Saturday, April 28, 2012
don't ignore...your body
In honor of National Infertility Awareness Week (NIAW), I've been racking my brain trying to decide the best way to help educate people about infertility.
It is such a complex, emotional subject.
Where do I even start?
All week my Google Reader has been filled with wonderful, informative posts about all things related to infertility.
So what can I contribute that hasn't already been covered?
Well, I guess I'll try this.
Don't ignore your body.
Before I was officially diagnosed with infertility, my intuition kept telling me that something was wrong.
But I didn't listen.
I put off having children until my husband and I felt the time was right. Why hurry?
When cramps had me doubled over in bed every month and even Advil wouldn't take away the pain, I told myself that everyone has painful periods.
When large droplets of blood fell into the toilet after urinating during the few days before my period, I knew something must be wrong but my doctor said "that happens".
When I started tracking my cycles and realized my luteal phase was too short, I didn't worry too much because that wasn't addressed in the fertility books that I read.
But somewhere inside of me, I knew.
I knew something wasn't right.
But I did nothing.
I had never heard of endometriosis.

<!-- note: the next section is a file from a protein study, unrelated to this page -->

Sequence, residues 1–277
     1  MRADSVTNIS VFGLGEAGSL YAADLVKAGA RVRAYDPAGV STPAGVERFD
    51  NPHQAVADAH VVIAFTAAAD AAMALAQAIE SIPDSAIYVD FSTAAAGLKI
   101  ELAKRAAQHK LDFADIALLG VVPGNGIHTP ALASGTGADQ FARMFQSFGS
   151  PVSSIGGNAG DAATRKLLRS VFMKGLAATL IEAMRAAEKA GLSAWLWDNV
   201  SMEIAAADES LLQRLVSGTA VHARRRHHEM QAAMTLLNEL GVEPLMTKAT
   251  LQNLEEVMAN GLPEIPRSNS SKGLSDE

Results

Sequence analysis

The thought never crossed my mind that I could have this incurable, painful disease.
Because certainly my doctor would have told me.
Over the years, I had complained to my doctor about spotting in between periods. painful periods. painful intercourse. extremely heavy menstrual cycles (one menses landed me in the ER at 2am because I thought that I must be having a miscarriage).
And my OB knew that I was experiencing infertility.
Surely, he would've told me if he thought I might have this disease that I had never heard of.
But he didn't.
The disease that affects nearly 50% of infertile women.
Is it the only thing keeping me from my dream of becoming a mother?
Would it have made a bit of difference if I had known years ago that I had stage II/III endometriosis?
But I would have liked to know what I was up against.
Do I blame my doctor? no.
I blame myself.
I didn't listen to my body.
And I should have.
I've learned a valuable lesson that I believe will help me be a better mother if I am ever blessed with a child.
Be an advocate for your own health.
Push for answers.
And most of all, listen to your body.
It may be trying to tell you something very important.
Find out how you can get involved with National Infertility Awareness Week or learn more about infertility at RESOLVE.